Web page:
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Thirty-six mids from the Class of 2016 will major in cyber operations this fall — the first time the Naval Academy is offering the option.
Cyber is becoming critical to the mission, so much so that Academic Dean Andrew Phillips puts it on par with the Navy’s four other fighting domains: land, sea, air and space.
“We wanted to give the opportunity for a small group of individuals to choose this as a specialty area, even if they choose not to pursue it in the fleet,” Phillips said.
Also new this fall: All second class midshipmen, regardless of major, will be required to take two cyber courses, in addition to the two courses already required for plebe year.
“Every officer in the fleet is going to be challenged at some point in their career where they have to say to themselves, ‘What do I know about cyber defense?’” Phillips said. “They won’t turn strictly to the person in the Information Dominance Corps — they’ll be able to fall back on their in-depth knowledge.”
Midshipman 3rd Class Molly McNamara, one of the first mids to declare a cyber major, signed up without knowing what to expect.
“Because this is a new major, I’m really interested to see what we’ll do,” she said.
The major will be two-thirds technical skills, such as defending against cyberattacks, and one-third nontechnical knowledge, such as the ethics, law and policy of cyberwarfare, Phillips said. There will be 15 courses required for the major.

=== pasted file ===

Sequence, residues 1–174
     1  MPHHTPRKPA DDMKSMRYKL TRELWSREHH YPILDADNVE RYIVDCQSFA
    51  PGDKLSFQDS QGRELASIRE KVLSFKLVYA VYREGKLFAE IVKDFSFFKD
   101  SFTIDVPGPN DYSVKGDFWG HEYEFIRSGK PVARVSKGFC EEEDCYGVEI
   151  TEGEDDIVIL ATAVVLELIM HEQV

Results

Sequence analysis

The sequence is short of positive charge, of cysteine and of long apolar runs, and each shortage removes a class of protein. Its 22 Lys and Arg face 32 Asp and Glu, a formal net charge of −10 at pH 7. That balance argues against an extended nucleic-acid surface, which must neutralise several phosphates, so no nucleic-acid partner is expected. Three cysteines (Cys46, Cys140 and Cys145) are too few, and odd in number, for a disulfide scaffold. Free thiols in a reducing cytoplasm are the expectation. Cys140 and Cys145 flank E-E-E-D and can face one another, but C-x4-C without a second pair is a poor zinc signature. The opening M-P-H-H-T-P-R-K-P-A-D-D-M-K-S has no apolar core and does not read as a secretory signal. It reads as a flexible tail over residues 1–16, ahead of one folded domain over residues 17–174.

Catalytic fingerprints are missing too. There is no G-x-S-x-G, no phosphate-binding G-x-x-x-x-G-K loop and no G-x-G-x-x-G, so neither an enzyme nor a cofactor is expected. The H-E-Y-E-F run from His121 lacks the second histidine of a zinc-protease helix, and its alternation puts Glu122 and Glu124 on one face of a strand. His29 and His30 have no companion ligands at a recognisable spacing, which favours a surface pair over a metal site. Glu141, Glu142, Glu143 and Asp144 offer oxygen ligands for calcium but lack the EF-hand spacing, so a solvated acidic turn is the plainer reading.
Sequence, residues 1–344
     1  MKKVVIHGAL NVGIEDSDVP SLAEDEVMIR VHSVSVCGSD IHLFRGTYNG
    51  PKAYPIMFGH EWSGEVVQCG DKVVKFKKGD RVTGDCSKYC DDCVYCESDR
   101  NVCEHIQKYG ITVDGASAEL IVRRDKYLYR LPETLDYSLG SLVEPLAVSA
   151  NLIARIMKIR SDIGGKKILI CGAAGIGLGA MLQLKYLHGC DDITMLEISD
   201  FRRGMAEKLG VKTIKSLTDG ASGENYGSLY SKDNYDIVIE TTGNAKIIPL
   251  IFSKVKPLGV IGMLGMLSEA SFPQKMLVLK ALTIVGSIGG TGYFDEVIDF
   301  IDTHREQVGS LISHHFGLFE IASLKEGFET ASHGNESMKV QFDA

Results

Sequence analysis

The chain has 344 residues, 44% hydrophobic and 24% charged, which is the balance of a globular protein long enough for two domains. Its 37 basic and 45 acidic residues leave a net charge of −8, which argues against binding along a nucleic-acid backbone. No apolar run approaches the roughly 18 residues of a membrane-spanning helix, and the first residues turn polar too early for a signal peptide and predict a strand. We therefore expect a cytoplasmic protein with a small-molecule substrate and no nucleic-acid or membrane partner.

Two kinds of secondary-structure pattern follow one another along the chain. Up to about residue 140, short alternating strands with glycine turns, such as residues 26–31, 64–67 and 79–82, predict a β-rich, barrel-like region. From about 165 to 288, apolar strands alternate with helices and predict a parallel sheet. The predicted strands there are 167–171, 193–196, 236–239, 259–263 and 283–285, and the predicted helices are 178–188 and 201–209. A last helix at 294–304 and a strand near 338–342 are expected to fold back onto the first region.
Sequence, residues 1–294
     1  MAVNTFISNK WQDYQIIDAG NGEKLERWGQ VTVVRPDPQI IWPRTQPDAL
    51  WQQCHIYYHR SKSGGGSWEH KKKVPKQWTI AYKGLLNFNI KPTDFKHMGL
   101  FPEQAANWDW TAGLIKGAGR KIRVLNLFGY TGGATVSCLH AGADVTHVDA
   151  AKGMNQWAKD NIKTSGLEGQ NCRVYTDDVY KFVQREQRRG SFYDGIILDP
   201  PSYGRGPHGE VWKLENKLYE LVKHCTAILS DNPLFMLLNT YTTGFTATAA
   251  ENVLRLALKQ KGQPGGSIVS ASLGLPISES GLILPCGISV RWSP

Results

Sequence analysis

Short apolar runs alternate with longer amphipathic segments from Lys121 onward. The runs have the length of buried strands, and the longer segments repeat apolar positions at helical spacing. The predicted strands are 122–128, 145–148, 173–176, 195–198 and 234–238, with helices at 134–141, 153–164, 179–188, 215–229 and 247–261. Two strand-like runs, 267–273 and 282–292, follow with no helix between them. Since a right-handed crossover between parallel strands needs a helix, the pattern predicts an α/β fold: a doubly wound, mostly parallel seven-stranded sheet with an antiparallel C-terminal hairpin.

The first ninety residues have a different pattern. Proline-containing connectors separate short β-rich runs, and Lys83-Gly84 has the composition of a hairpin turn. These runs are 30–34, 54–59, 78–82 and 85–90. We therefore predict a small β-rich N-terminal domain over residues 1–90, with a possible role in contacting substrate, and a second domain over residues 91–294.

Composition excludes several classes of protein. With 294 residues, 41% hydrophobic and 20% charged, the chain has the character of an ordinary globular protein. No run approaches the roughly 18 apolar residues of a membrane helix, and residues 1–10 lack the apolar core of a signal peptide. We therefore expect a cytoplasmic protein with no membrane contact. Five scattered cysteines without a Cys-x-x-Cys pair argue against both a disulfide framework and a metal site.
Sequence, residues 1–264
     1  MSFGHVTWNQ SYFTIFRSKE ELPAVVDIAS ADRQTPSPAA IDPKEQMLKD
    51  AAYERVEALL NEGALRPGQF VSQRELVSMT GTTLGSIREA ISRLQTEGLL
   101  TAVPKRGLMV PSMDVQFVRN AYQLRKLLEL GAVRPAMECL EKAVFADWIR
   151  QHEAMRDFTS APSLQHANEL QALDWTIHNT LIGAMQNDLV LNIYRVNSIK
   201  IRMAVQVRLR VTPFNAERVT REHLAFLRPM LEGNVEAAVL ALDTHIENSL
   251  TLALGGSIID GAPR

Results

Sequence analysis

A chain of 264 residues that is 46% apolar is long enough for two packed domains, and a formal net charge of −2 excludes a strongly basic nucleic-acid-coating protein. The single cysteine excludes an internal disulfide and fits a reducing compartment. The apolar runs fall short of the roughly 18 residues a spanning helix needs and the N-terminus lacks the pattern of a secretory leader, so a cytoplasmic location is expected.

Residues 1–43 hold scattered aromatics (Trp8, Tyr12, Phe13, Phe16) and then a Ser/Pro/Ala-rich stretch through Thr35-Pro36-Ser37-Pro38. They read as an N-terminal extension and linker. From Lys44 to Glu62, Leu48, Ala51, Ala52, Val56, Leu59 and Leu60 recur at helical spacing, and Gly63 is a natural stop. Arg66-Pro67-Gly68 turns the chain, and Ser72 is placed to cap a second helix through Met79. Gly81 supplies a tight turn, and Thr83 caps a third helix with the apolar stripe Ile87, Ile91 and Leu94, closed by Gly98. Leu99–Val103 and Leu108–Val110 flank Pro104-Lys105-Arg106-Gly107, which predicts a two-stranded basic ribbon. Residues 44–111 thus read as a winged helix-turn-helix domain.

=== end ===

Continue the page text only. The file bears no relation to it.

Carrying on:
McNamara declared the major after completion of the two core cyber courses in her plebe year.
“I immediately fell in love with [the subject] and found myself always doing my cyber homework first,” she said.
The core courses, which have been requisites for two years, ensure all future officers have at least a passing knowledge of cyberwarfare.
New cyber building
Practicing cyber ops will also require a more secure building in which to study. In late 2012, the academy announced plans for a new cyber building on campus that will have increased security and radio frequency protection for its perimeter walls.
Having that kind of facility on campus will not only expand what mids can talk about in the classroom, but will also allow for more speakers to give lectures, said Capt. Paul Tortora, deputy director for the academy’s Center for Cyber Security Studies.
The academy’s new cyberbuilding is scheduled to be complete in 2018, Phillips said.
Cyber is an emerging career field in the fleet. Chief of Naval Operations Adm. Jon Greenert told Congress earlier this year that the service is looking to boost its cyber force by about 1,000 by fiscal 2016.
One option for graduating mids is to go into the surface warfare Information Dominance Corps, where a newly commissioned ensign will spend two years at a surface ship, then join the IDC, Tortora said. There are typically between one and five openings in each surface warfare community every year.
Another option is to join the fleet as a restricted line officer. In the Class of 2013, fewer than 10 students took this route to an information specialty.
However, Phillips stressed that even those not in the cyber community will make good use of the skills taught in the major. He compared it to those who major in a foreign language — even if the midshipman doesn’t become a foreign affairs officer, he said, the language will still be of use in the field.
McNamara is hoping to service-select submarines, then move into the information warfare or information dominance community. She said she selected cyber because she thought it would play an important role in the future of the Navy.
“It’s our duty to try and pick something [for a major] that we’ll be good at and be able to help the citizens of the country who are essentially paying for us to go to school,” she said.